Long-Distance Relocations of One-Earner and Two-Earner Couples in Australia, Britain, Germany and Sweden: Intersections of Gender and Institutional Context

Maria Brandén, Stockholm University
Francisco Perales, University of Queensland
Philipp M. Lersch, University of Cologne

It is well-known that couples’ long-distance residential relocations are generally more responsive to men’s than women’s labour market placement and prospects. While these patterns are fairly consistent across countries, substantial variation on the width of the specific gender gaps prevails across studies. Drawing upon an extensive body of comparative evidence showing that national institutions serve as moderators of gender inequality, in this paper we shed light on unaccounted institutional features in the family migration literature to provide a more encompassing picture of the intersections between gender and family migration. To do so, we investigate the precursors of couple relocations, comparing one- and two-earner households in four developed countries. Specifically, we analyze migration intensities across couple-household work arrangements, and the individual, and couple-level factors that moderate these in Australia, Britain, Germany and Sweden, using discrete-time event-history analysis of comparable, nationally representative, panel data between 1992 and 2010.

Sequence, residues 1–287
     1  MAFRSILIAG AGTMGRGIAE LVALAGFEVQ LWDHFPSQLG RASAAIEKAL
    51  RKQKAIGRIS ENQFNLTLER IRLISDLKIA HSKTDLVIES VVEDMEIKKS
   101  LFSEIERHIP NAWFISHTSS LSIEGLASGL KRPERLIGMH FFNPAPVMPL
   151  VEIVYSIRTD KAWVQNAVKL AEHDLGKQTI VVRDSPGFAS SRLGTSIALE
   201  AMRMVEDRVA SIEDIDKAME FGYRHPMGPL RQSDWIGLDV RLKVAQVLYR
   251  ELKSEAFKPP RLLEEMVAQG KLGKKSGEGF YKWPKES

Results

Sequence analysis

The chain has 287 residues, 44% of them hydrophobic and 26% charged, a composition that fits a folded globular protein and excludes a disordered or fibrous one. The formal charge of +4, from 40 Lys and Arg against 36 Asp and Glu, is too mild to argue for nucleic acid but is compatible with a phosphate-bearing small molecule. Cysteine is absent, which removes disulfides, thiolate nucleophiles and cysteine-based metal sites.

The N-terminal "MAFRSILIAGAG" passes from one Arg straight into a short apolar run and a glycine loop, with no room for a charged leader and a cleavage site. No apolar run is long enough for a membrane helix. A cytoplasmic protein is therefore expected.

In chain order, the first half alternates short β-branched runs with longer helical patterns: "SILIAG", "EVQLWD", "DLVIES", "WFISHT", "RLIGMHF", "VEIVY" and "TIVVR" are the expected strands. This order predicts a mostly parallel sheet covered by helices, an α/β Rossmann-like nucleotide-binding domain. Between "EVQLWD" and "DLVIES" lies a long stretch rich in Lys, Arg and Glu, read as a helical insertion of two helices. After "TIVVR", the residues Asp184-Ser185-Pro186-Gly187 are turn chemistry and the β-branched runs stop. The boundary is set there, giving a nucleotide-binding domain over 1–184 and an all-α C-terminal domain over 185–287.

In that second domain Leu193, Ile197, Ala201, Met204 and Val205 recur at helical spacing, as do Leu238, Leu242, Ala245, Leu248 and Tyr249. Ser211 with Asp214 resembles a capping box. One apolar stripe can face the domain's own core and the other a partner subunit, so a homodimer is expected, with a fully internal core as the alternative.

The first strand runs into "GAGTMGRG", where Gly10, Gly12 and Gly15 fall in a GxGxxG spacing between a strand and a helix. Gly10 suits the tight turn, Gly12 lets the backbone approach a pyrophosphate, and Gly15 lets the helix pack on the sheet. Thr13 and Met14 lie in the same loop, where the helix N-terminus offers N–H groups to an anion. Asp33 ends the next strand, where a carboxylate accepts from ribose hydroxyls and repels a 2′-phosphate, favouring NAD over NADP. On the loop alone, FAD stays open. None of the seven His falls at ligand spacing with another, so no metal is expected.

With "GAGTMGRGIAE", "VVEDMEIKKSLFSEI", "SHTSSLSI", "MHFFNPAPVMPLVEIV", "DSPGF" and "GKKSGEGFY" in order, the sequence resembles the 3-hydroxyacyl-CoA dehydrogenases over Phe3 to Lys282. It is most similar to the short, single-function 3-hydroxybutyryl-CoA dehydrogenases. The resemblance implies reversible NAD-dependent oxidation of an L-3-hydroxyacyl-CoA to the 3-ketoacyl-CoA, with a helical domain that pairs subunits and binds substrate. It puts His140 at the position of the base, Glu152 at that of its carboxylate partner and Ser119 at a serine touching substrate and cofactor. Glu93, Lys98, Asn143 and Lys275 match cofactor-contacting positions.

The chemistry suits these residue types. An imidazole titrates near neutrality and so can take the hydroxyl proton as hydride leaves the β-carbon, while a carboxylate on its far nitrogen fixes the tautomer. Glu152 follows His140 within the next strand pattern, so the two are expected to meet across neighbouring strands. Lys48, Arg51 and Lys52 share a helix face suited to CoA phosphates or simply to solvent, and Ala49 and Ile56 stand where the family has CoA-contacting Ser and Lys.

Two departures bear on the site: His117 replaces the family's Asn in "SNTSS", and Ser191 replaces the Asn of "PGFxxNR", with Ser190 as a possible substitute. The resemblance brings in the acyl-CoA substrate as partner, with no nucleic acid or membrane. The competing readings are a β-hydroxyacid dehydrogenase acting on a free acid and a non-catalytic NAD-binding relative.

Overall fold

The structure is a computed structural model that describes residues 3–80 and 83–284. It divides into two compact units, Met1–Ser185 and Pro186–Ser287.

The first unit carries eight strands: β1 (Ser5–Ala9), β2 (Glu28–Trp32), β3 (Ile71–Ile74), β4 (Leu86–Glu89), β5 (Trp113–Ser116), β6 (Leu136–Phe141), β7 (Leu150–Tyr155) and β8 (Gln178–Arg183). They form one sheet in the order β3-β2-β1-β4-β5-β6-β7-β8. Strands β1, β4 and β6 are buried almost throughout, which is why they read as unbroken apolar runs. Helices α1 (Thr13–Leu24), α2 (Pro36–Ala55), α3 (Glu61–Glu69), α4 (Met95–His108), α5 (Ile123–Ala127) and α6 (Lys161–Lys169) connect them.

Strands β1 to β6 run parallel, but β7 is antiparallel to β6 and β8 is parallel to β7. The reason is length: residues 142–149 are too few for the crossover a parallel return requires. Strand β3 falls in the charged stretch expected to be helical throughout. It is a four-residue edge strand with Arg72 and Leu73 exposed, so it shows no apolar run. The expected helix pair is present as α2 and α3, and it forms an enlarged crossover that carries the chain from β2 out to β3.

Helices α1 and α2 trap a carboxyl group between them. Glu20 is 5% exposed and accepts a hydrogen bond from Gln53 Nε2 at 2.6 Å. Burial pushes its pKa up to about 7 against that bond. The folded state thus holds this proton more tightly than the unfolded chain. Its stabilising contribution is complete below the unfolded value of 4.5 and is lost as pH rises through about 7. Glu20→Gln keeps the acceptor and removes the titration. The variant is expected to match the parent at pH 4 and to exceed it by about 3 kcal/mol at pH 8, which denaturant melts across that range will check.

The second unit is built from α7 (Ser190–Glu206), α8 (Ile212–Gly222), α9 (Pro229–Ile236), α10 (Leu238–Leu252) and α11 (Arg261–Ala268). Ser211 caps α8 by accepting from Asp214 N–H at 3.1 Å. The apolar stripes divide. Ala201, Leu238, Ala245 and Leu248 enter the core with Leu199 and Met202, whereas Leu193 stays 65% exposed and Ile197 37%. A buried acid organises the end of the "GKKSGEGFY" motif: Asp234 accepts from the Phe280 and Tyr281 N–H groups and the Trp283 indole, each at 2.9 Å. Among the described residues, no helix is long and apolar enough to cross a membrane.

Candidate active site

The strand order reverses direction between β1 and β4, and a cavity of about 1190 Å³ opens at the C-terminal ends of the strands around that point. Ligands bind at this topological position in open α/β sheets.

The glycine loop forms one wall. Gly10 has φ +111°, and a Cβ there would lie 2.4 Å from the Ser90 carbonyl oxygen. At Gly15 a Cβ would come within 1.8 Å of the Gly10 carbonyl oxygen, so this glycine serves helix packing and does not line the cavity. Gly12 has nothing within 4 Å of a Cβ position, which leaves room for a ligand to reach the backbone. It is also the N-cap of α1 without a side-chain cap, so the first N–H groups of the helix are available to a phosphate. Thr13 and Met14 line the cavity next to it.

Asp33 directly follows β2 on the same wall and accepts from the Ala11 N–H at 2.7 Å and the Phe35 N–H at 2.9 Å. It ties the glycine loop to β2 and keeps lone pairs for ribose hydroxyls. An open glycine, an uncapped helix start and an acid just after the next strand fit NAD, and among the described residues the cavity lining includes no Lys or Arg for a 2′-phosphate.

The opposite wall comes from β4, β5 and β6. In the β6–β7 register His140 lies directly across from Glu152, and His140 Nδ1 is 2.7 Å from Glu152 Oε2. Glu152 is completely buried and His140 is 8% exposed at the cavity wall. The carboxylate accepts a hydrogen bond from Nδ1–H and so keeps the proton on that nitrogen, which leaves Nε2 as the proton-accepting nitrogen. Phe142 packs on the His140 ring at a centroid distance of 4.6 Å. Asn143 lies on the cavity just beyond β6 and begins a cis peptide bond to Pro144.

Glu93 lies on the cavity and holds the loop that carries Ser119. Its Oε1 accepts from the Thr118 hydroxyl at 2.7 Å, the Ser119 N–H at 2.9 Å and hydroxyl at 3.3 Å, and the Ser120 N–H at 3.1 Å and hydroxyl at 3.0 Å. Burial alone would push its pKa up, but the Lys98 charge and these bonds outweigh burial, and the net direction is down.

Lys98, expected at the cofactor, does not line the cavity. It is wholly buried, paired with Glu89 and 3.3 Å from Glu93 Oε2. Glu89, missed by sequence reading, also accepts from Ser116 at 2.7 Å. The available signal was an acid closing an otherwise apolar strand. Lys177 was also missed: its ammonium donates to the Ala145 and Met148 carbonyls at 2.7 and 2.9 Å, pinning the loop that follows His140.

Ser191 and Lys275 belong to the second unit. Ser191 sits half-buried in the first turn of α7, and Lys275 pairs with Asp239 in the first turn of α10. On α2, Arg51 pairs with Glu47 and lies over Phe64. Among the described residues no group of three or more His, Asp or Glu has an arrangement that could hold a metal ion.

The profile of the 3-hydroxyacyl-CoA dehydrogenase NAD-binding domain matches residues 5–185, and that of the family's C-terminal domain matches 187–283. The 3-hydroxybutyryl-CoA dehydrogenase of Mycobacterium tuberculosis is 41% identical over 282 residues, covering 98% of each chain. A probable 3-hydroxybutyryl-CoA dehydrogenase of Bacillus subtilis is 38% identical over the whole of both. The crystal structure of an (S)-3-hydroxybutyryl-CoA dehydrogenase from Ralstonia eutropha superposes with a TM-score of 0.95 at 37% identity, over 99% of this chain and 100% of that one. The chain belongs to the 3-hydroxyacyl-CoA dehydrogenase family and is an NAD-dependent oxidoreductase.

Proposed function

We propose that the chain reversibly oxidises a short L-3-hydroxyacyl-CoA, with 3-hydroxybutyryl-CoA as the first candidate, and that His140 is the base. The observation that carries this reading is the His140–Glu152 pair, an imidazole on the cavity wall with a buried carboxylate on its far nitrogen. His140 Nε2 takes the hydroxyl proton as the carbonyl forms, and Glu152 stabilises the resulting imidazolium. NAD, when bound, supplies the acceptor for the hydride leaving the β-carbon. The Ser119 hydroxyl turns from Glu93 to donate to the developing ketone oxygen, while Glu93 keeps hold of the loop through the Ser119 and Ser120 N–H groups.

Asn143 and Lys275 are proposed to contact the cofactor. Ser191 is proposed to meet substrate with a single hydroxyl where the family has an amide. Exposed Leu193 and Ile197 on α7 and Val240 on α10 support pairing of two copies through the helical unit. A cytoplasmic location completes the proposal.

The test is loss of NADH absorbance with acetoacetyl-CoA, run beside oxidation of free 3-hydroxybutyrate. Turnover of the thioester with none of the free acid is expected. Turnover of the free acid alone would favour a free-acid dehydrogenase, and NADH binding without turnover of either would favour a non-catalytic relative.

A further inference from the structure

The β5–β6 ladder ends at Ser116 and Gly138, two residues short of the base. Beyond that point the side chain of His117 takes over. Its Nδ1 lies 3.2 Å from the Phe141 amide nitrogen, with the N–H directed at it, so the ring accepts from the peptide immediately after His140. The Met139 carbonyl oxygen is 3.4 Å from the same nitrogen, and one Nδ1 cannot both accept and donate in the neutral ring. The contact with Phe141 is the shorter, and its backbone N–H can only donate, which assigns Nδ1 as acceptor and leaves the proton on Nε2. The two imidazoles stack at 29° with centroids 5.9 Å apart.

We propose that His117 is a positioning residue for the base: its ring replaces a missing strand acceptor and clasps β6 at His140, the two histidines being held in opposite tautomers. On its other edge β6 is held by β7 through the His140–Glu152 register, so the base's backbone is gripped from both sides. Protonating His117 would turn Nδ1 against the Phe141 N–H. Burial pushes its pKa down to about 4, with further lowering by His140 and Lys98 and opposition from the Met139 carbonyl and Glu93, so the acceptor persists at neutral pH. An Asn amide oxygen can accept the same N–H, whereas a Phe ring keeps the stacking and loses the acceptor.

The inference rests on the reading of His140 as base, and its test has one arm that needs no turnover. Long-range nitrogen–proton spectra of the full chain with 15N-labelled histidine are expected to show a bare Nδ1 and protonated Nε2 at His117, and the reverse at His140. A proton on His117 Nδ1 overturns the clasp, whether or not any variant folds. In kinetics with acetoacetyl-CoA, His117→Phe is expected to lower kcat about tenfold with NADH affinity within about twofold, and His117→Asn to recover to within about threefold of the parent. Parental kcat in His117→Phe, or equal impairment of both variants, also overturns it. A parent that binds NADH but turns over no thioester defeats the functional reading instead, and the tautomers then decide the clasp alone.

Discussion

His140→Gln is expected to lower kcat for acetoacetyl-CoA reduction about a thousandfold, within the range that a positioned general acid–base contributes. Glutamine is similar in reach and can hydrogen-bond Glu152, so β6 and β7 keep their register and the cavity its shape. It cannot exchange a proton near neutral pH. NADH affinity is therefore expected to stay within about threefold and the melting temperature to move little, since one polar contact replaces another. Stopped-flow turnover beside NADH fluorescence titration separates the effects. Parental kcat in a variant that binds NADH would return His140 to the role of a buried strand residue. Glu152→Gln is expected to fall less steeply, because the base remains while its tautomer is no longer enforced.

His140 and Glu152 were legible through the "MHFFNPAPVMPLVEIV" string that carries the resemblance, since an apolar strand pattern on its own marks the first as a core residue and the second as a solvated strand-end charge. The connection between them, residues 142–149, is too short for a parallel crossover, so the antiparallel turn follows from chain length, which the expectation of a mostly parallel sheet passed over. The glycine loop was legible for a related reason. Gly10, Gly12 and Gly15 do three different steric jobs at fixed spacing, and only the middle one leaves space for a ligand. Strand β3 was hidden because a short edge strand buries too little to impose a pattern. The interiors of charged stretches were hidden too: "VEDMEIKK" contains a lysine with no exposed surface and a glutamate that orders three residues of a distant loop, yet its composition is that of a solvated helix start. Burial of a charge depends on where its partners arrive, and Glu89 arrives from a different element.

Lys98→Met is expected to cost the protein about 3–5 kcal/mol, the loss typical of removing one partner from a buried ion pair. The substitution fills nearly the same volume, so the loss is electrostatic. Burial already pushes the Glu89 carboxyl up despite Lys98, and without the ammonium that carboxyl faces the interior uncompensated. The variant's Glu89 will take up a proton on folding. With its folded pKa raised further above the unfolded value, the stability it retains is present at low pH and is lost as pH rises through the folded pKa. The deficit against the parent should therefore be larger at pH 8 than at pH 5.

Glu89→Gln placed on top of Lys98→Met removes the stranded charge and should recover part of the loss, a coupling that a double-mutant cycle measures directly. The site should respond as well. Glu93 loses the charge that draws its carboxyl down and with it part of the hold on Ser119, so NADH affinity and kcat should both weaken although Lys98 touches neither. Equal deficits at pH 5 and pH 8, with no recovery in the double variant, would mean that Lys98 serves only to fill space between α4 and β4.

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 Presented in Session P6. Migration and Urbanization/Population, Development, and the Environment